The Book Booth is a weekly feature at The Political Carnival, relating news, notes, and reflections from the world of books and publishing. It is written by @SeattleDan and SeattleTammy, operators of an on-line bookstore (which you can find here) , who have been in the book business since shortly after the Creation, or close to 6000 years now.
The Book Booth: When the Weather is Fine Edition
The heat abated here early in the week, but summer is not done with us, as it turns out. More heat has arrived and lethargy is sinking into the very marrow of our bones. Some things will wait till tomorrow to get done.
There are now a few signs of impending autumn. Of course all the stores have their back-to-school displays, which went up, I believe, the week after the school year ended in June. Some of the trees here have leaves that are turning color and beginning to drop to the ground. And football season is about to begin.
We do tend to think of football players as not being the sharpest knives in the drawer, which is a sad stereotype, especially when it turns out not to be true. Witness Seattle Seahawk defensive end Michael Bennett who has started a book club among his teammates with their first selection being Malcolm Gladwell's Outliers.
Michael Bennett's Book Club
If the Fall can't get here quickly enough for you, Bustle featured some 14 poems about the season. I'd forgotten how much I liked John Keats poem, and it is included here, as well as Robert Frost.
14 Poems about Fall
And speaking of Mr. Frost and the coming of the Fall, Nathan Gelgud has illustrated Frost's most famous poem, The Road Not Taken, here for Signature. It should put you in the mood for an autumnal stroll.
The Road Not Taken - Illustrated
One of the more interesting stories to come out this week was the news that the Spanish publisher Siloe will be publishing a facsimile edition of the mysterious Voynich manuscript, which has never been deciphered. They are accepting pre-orders and the cost will run you 8 to 9 thousand dollars.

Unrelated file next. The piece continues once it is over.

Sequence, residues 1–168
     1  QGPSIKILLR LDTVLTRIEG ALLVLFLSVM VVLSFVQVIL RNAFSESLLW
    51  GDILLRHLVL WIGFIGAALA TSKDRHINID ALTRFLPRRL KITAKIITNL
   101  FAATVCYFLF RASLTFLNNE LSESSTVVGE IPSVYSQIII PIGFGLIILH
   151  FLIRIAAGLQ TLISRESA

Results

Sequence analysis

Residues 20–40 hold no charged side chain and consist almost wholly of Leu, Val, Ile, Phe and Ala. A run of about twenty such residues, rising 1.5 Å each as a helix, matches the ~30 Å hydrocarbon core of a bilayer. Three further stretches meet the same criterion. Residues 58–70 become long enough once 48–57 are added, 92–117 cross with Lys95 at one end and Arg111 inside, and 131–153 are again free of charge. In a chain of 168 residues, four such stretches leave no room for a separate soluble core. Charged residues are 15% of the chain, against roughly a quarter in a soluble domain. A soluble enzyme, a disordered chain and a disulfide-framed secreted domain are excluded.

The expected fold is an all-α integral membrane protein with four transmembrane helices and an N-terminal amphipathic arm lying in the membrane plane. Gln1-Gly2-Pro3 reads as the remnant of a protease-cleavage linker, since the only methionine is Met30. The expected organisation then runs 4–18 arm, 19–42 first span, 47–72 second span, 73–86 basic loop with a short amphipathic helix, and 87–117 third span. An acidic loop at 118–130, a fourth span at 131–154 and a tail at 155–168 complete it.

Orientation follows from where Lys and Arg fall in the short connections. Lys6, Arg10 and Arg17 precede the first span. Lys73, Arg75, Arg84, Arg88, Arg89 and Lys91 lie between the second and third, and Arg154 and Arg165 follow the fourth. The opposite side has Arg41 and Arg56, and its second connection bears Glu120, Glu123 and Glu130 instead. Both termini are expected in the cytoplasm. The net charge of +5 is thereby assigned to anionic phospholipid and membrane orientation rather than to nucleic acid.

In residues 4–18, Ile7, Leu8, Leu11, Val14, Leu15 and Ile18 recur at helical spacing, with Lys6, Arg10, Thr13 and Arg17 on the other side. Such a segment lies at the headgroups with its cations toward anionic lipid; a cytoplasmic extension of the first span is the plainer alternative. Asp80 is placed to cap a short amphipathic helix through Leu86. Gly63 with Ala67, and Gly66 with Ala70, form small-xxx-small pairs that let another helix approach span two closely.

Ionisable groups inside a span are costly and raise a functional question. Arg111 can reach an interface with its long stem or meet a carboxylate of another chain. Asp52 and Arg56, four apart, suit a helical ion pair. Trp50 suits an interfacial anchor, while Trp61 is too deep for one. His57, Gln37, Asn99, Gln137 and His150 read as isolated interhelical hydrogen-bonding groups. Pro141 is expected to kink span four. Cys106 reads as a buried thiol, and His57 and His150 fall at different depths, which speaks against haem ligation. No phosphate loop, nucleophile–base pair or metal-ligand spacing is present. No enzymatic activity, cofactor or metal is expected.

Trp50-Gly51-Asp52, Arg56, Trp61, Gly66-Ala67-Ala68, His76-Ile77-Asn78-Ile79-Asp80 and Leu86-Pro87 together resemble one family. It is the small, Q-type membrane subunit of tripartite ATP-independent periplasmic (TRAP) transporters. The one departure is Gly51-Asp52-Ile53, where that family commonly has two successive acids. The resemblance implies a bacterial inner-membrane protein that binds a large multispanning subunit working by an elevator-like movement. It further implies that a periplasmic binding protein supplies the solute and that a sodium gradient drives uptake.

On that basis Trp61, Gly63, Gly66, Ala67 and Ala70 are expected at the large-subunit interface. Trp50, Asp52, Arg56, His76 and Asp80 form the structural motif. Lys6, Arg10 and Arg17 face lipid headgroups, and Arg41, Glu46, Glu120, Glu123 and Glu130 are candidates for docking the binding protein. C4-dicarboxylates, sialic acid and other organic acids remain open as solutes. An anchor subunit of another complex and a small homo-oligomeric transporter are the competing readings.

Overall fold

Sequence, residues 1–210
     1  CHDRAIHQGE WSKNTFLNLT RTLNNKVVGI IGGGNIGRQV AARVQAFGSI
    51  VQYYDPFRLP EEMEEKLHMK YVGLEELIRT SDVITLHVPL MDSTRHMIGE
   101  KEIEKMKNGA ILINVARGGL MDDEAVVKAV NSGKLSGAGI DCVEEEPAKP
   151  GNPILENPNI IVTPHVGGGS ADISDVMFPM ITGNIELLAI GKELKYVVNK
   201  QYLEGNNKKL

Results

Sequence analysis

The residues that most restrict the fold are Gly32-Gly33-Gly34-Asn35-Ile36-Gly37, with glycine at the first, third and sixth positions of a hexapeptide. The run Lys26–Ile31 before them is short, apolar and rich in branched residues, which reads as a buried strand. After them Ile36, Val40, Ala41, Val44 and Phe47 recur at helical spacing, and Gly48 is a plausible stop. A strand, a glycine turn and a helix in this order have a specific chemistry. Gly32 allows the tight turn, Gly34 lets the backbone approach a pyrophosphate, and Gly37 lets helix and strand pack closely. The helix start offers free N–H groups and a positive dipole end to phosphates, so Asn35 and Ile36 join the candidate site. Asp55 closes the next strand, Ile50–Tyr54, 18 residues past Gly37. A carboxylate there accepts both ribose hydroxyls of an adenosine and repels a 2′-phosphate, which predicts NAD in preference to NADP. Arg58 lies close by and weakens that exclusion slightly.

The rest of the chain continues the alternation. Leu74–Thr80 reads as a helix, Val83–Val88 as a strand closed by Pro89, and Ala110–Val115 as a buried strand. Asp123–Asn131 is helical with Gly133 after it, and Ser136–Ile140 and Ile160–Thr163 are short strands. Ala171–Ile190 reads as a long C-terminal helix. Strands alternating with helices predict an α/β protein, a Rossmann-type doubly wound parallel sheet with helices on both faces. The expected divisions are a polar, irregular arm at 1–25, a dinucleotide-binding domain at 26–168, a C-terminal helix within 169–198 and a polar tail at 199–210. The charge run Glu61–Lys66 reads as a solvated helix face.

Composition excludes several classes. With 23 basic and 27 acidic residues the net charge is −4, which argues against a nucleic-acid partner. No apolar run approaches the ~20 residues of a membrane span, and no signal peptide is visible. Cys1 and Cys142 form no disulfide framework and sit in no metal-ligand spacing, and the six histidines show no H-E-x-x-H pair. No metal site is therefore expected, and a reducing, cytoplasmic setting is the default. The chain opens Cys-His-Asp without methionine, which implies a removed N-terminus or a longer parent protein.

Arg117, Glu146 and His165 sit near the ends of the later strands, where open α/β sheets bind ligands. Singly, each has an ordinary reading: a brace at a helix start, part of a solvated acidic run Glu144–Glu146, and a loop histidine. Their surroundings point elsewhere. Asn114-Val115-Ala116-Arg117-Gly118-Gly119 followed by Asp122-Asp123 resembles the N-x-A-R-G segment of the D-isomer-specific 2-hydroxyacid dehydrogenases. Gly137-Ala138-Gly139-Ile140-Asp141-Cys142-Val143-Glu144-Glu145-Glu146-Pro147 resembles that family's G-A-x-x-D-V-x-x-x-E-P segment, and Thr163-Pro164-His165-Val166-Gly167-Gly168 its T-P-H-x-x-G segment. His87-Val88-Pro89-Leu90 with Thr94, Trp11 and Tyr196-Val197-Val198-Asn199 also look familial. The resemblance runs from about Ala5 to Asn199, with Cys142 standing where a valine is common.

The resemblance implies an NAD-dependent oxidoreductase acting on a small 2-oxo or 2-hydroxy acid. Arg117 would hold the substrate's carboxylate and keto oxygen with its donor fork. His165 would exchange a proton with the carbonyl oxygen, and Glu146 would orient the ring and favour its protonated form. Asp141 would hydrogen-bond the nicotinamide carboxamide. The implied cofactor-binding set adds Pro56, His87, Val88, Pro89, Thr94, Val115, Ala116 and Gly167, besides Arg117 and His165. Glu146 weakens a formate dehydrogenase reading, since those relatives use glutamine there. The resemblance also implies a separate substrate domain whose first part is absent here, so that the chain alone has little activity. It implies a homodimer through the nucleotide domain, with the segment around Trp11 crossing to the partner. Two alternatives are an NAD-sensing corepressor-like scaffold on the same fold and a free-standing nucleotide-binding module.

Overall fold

Voynich Manuscript Facsimile Edition
So when did the Book as we know it first appear. I'm sure most of us are familiar with ancient texts having been written on scrolls, which were certainly not the most user-friendly way of reading. Keith Houston discusses the origin of the codex and the bound book here for the BBC.
When Did the Bible Become an Actual Book?
For those of us who have read Josephine Tey's Daughter of Time, we are aware of the controversy that surrounds the short reign of Richard III, who is quite the monster in Shakespeare's play, a classic case of the victors writing history. Here for the Folger Library, is a discussion between historians and Shakespeare scholars about the unfortunate monarch.
Historians and Scholars Debate Who Richard III Really Was
The New Yorker recently featured a couple of articles of note. First Patti Smith offered up some observations on giving book recommendations and making a cameo on the TV series The Killing. I'm not very familiar with the show, but I do see it is on Netflix.
Patti Smith Writes About Her Cancelled Detectives
At age 26, Joe McGinnis became the youngest writer to make the New York Times Bestseller list with his account of the 1968 election of Richard Nixon, The Selling of the President. Success and fame came early to him, as well as some very hard times. His son, Joe McGinnis Jr. recounts memories of the man and the struggles that he endured.
Joe McGinnis, Jr., Writes about His Dad
Finally, some welcome news in that John LeCarre will be publishing a memoir next month titled The Pigeon Tunnel. Publishers Weekly has a nice graphic of the man's work and the film adaptations of his books. I'm looking forward to reading the book.
John LeCarre's Memoir: The Pigeon Tunnel
We hope the weather is fine wherever you happen to be. Enjoy some fine books and let us know what books you are loving.